"It is true, and thus the question of whether it is sad or happy has no meaning whatever."
Bernhard Schlink

Science is best when discussed: leave your thoughts and ideas in the comments!!

Tuesday, October 31, 2006

Sugar, Staph, and Vanity 

San Diego researchers have produced insulin-secreting pancreatic cells from human embryonic stem cells, giving hope that type I diabetes might someday soon be curable. As yet, the lab-produced cells don't seem to have endogenous islet cells' regulatory mechanisms - that is, they don't produce insulin relative to blood sugar levels - but the researchers believe that they can figure out how to make them behave properly in the future.

If this works, it would be a major breakthrough not only for diabetics but for biotechnology in general. Unfortunately, Rush Limbaugh will probably accuse diabetics of 'faking it' and wanting to kill 'babies' (aka the embryos from whence the stem cells come).

Staph infections have plagued hospitals and patients since forever, with more and more resistant strains cropping up all the time. Luckily, staph's reign may be coming to an end: NIH researchers have found an effective vaccine for S. aureus in mice, with promise of a human version soon to come. Eliminating nosocomial staph infections could improve hospital care and reduce its costs substantially.

It seems that elephants can recognize themselves in a mirror, a skill of self-awareness only demonstrated thus far in humans, great apes, and dolphins. So then, if we put big pictures of local elephants on the walls of huts in the villages they tend to rampage, they might recognize the likeness and stop?? Probably not, but worth a go, just for comedy's sake!

Monday, October 30, 2006


So much of biology is about control - making sure things grow enough but not too much, maintaining homeostasis, et cetera - and understanding how controls work and act in systems is key to advancing research. I'll surprise no one by saying that ultimately, it all comes back to genes, but some might be surprised by how much I really mean by "all."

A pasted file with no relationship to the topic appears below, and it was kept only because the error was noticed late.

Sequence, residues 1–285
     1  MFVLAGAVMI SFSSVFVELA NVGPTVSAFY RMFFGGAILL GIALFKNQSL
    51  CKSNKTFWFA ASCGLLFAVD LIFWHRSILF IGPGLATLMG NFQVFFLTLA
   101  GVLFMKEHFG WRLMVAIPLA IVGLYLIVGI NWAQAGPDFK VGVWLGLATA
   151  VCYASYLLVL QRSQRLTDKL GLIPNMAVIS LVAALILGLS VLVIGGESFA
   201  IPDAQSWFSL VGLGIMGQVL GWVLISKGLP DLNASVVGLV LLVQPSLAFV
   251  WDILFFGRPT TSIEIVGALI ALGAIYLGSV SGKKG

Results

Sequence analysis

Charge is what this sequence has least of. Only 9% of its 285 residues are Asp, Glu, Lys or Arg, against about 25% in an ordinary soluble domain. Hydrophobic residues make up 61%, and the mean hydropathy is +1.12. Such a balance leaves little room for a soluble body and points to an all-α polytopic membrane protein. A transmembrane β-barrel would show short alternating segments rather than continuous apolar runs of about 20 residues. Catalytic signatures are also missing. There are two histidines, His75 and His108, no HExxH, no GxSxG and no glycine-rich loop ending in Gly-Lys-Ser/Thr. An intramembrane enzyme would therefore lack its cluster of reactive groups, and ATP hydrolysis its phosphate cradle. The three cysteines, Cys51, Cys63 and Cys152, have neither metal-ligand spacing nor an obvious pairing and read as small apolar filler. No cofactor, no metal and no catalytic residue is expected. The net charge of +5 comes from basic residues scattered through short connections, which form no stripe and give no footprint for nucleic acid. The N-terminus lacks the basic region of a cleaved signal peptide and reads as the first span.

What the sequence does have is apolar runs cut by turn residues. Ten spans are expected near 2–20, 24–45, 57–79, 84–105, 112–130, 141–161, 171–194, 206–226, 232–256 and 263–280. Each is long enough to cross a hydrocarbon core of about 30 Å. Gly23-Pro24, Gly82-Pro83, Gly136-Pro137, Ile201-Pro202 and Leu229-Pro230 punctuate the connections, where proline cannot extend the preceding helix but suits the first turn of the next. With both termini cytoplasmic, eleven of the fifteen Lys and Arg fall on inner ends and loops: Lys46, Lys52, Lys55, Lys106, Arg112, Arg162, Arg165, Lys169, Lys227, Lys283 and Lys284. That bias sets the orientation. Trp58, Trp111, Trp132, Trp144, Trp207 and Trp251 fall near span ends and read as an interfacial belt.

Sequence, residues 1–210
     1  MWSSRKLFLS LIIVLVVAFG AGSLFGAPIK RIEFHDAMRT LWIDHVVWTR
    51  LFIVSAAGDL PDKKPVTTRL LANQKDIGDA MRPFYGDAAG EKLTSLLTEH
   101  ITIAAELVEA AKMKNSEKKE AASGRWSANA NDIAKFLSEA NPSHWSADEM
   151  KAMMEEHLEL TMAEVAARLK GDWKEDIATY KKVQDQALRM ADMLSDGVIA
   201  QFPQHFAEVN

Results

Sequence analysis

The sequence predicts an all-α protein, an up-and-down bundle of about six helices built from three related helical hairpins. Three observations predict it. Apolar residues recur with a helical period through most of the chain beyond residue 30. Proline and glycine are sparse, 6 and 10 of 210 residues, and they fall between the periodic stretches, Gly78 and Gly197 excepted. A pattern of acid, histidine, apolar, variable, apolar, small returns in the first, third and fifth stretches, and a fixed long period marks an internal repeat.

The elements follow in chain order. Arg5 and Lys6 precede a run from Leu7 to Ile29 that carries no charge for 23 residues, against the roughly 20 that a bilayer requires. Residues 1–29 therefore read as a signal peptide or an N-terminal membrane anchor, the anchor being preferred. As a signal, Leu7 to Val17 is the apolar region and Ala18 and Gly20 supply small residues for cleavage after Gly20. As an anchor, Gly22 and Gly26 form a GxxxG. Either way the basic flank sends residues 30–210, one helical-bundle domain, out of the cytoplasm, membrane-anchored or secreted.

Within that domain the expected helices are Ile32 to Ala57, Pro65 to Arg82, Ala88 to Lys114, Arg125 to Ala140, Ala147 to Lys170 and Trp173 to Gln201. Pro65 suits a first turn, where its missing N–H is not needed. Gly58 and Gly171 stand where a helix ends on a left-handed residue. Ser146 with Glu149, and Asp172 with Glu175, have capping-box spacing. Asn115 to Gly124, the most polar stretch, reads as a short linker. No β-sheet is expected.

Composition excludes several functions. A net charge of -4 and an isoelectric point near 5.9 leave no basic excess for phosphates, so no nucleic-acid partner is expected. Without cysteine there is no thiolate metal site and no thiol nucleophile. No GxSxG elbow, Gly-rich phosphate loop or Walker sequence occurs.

Researchers have known for some time that there is an inherited (genetic) component to schizophrenia. We also know that the disease involves a disruption of normal acetylcholine neurotransmission. Thus, it was no great surprise to find that a gene variant, which seems to predispose people to develop schizophrenia, involves acetylcholine transmission. Researchers found that members of a 200-person cohort who developed schizophrenia were more likely to have a certain variant of the neuregulin gene. This is really cool!

We know now that bacteria play a much bigger role in controlling the Earth's climate than we used to think. How they do it is still mostly a mystery, but news from the NSF shows how a gene in marine plankton decides whether the plankton release sulfur in a for that goes into the atmosphere, affecting climate, or stay in the ocean, as nutrient. This kind of research is getting more and more critical, as global warming speeds up.

Finally, there's controlling populations. For years, birth control (at least in the US) has been primarily a woman's responsibility - they take the Pill. Now, researchers are one step closer to a male contraceptive pill - one that stops sperm production midway, by causing nascent sperm to separate from nurturing Sertoli cells too early to survive. This one is especially novel, as it uses a novel delivery method: binding the drug to inactivated FSH, it can be delivered directly to target cells without toxic side effects in the rest of the body. But I wonder what the side effects will really be? Also, won't American males' rapidly dropping testosterone levels take care of this anyways?

Saturday, October 28, 2006


Learning more about genes and genomes is a critically important task for modern medicine - it offers the possibility of better drugs, targeted treatments, and generally better health care. The recent sequencing of the honey bee genome may seem remote from the goal of treating humans, but it turns out that we share more genes and proteins with the bees than you might think. Particularly, bee genes relating to social behavior and learning could prove most enlightening for behavioral researchers in humans.